Naming the Goal: Pontchartrain Basin Agricultural Network

The Lake Pontchartrain Basin is a 10,000 square mile watershed encompassing 16 Louisiana parishes. The land use of the region is both rural and urban.  It is the most densely populated region in Louisiana, including metro New Orleans and the state capital, Baton Rouge.  The Basin is one of the largest estuarine systems in the Gulf of Mexico and contains over 22 essential habitats and numerous rare plants. 

Lake Pontchartrain Basin Foundation website

For a region known for its legendary food,  southeastern Louisiana’s direct marketing farming production remains shockingly sparse and largely disconnected. For example, New Orleans has a majority African-American population and longstanding Central American and Vietnamese communities, yet has few successful production farmers that serve or who come from those communities. The Native American/indigenous population continues to protect the land but is not given enough direct support to lead the way. The city of New Orleans hosts fewer than a half-dozen regularly scheduled farmers markets and has few sustained sites or support for encouraging or brokering intermediate (small grocers, family restaurants, and food box programs) sales for direct marketing farmers. Few multi-generational farms exist in the region, partly due to the heavy emphasis on commodity production via plantation-style farming. Lastly, the region lacks long-term networks and funding of support around training, marketing, and education for farmers and for food shoppers. The increasing fragility of the entire Gulf Coast is partly to blame, as is the overdevelopment of the productive land in the parishes across the watershed.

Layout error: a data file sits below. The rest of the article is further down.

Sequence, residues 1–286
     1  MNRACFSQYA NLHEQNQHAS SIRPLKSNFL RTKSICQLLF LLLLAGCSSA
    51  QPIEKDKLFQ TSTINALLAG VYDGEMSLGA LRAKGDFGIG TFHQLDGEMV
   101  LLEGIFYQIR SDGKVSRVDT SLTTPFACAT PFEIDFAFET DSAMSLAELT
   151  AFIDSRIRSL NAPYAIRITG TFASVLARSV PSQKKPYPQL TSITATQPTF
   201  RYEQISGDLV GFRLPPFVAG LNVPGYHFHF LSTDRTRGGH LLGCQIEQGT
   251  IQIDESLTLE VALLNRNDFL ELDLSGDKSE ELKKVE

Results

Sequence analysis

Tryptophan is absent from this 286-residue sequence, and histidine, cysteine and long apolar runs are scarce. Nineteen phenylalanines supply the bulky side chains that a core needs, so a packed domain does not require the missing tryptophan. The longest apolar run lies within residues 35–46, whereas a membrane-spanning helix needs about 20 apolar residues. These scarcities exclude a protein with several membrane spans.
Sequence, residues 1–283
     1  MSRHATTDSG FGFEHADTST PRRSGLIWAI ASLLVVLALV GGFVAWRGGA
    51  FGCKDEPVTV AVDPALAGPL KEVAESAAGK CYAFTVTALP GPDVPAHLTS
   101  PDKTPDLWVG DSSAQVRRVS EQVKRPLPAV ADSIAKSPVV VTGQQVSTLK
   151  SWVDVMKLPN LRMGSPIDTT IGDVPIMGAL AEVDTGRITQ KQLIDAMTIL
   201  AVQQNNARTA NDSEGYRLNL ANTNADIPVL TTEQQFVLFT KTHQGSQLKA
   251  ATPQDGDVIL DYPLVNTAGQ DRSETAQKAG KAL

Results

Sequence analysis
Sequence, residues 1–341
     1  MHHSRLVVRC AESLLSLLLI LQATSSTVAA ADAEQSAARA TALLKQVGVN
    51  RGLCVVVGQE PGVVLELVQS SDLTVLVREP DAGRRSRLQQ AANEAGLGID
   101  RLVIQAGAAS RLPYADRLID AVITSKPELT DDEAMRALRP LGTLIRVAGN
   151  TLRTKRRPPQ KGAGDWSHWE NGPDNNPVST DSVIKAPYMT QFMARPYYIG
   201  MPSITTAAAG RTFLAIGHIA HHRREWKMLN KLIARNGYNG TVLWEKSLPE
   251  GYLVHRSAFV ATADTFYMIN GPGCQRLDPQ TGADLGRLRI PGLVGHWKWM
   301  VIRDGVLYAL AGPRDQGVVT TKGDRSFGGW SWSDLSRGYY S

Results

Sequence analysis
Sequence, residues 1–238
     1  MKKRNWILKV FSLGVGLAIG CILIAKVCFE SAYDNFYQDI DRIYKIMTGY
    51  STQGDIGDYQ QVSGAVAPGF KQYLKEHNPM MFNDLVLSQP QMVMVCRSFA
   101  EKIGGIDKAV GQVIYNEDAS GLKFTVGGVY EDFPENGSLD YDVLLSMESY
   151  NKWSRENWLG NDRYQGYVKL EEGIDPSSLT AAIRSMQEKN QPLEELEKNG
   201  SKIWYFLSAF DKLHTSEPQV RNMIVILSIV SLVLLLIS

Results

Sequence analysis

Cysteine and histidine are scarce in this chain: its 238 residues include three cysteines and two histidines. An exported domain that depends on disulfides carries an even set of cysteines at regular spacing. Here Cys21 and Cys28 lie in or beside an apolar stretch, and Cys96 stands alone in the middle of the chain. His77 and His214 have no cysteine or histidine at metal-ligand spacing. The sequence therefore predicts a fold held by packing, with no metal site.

By establishing the Pontchartrain Basin Agricultural Network (PBAR) as a valuable and unique initiative, we can increase support for regionally grown food by connecting the entrepreneurial activity within the regional food system to climate change initiatives in the Gulf Coast.

This idea was born from the work many have done over the last 20+ years in and around New Orleans. I hope to see the network included in plans and funding that are mitigating climate instability and supporting entrepreneurs and residents in being better stewards of our place. How we expect to begin:

1. To build the Pontchartrain Basin Ag Network WordPress site with a focus on mapping production and case studies, interviews, and news stories of any strong climate and food work in the region.

2. To lend support to direct to consumer farms or outlets through technical assistance or resource development for mitigating climate events on their businesses.

Feel free to get in touch with me via this site if you have suggestions or comments about the PBAR idea.

CFSC National Conference: October 16-19, 2010